Rates tipped to start rising in 2015, but how long will the cycle continue?

Rates tipped to start rising in 2015, but how long will the cycle continue?

All 33 experts and economists in Finder’s Reserve Bank Survery have tipped the Reserve Bank to keep rates at a record low of 2.5% tomorrow.

However, a lacklustre economy, high unemployment, the Australian dollar, global uncertainty in the Middle East and Europe, house price pressure and inflation on target, makes it likely that rate hikes will begin in 2015.

Melbourne Cup day has traditionally been a day of cash rate movements – with nine changes on this day in the past 20 years.

Of those surveyed by Finder, 91% are expecting rises in 2015. Two expect rises in 2016.

The general expectation is for rates increases to start increasing in August 2015 before coming to an easing cycle two to three years later.

Finder’s money expert Michelle Hutchison said that rate rises won’t last for long when they do occur.

“Our economy is under pressure to perform better, and all 33 experts in the Finder Reserve Bank Survey believe that the cash rate won’t rise for very long before it will start to fall again,” she said.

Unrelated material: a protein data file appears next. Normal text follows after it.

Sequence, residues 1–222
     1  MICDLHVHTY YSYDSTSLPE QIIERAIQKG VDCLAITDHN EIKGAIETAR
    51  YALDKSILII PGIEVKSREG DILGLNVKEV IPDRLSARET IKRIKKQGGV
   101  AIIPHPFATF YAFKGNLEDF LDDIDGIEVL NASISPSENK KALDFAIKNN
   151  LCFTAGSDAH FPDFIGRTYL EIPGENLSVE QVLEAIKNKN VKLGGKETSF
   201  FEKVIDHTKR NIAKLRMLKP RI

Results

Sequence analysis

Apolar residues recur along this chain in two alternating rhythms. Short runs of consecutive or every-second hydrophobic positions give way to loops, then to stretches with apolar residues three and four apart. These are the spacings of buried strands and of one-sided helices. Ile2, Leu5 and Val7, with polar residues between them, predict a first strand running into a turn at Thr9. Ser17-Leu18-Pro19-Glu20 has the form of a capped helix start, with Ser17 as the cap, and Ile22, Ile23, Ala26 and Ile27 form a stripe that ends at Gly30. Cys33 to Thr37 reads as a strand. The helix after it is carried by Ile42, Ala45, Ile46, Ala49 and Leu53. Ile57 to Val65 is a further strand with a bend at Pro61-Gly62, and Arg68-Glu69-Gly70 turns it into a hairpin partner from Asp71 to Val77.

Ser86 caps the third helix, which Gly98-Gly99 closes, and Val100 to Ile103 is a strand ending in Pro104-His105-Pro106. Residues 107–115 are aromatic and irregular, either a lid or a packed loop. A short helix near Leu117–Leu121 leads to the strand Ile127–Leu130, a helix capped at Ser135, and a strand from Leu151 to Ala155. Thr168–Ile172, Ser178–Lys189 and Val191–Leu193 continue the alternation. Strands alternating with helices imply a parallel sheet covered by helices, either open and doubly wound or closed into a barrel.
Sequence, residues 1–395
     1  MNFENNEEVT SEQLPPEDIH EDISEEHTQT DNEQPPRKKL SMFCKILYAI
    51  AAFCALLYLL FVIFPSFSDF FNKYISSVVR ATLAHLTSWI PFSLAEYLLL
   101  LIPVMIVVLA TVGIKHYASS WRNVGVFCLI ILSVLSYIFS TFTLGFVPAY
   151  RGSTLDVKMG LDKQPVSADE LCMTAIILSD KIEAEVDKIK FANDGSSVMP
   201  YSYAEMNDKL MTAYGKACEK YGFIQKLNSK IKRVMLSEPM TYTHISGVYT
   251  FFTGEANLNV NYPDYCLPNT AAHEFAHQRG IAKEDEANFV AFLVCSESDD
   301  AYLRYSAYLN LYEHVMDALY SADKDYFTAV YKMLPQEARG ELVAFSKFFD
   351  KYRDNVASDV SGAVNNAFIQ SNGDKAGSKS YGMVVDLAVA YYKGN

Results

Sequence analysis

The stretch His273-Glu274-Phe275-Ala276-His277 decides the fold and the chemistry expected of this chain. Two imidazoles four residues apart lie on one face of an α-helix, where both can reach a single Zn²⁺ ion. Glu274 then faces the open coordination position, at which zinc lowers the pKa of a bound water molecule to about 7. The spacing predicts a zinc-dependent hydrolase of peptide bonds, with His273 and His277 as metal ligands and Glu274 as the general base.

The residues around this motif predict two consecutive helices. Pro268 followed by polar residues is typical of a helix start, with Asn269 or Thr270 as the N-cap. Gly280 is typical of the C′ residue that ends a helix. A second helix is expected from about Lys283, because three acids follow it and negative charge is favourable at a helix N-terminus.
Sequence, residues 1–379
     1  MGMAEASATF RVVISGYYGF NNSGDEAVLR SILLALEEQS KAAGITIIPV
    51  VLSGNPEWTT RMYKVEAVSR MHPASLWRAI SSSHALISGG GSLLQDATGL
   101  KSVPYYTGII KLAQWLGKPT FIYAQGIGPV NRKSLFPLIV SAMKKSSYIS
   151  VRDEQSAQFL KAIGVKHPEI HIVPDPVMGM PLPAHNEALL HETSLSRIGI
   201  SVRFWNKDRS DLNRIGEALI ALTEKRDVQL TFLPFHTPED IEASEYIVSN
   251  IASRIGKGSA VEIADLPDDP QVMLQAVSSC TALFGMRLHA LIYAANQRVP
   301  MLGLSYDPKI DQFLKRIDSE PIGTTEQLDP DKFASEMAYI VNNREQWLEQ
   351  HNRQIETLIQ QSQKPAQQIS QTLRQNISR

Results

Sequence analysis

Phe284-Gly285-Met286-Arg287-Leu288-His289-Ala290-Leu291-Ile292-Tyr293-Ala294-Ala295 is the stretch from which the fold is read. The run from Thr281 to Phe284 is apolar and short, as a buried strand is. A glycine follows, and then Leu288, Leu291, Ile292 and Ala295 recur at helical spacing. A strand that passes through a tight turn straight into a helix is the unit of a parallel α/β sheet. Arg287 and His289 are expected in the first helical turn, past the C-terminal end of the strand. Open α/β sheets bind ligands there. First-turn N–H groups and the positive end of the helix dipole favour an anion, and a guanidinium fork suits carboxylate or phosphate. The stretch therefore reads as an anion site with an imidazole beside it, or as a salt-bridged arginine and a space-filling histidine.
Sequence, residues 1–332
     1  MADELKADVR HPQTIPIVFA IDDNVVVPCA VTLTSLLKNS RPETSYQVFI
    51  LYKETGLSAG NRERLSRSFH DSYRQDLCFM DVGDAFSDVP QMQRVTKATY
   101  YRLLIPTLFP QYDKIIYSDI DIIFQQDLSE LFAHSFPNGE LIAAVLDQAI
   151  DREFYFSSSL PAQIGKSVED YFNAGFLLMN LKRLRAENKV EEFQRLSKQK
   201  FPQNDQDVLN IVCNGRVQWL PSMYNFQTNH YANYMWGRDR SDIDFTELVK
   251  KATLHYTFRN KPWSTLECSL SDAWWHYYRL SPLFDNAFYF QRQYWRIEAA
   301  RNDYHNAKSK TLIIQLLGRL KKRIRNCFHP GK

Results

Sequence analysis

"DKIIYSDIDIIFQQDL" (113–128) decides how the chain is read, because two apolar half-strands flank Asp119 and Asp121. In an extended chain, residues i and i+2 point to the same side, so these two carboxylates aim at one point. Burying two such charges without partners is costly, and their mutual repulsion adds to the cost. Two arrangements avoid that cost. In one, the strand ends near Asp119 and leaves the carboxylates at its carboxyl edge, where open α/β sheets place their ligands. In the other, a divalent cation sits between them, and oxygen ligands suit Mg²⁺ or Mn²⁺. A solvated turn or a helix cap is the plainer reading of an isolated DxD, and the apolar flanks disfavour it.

“The survey found that the cash rate is likely to peak at 4% in 2017 according to the average forecast.”

However, expectations about when the next interest rate cycle will peak varied significantly– certainly a tough ask this early on.

The majority, 60%, expected the next peak to be in 2017, while a further 27% expected 2016 would mark the peak. A further 13% tipped the top of the next rate cycle to be in 2018.

“One expert – David de Ferranti, Market Analyst at Forex Capital Markets – is forecasting the highest peak, with the cash rate to hit 5.5%. One in three (33%) are expecting the cash rate to hit 4.5% to 5%, a further one in three (33%) expect the peak to hit 4% to 4.25% while the remaining 30% are expecting a peak of between 2.75% and 3.75%,” she said.

“It’s also clear that most experts believe the cash rate won’t hit the high levels we’ve seen in the past. And regardless of when the peak will be reached, it’s likely to start falling soon after.”

Almost 50% of the respondents suggested rate drops in 2018.

“This is great news for borrowers or those planning to enter the property market this mortgage season, as they can prepare for around two years of rising interest rates before they will likely come down again,” she said.

“Borrowers need a buffer of at least $300 per month for an average $300,000 loan if the cash rate hits 4%.”

This story originally appeared on Property Observer.

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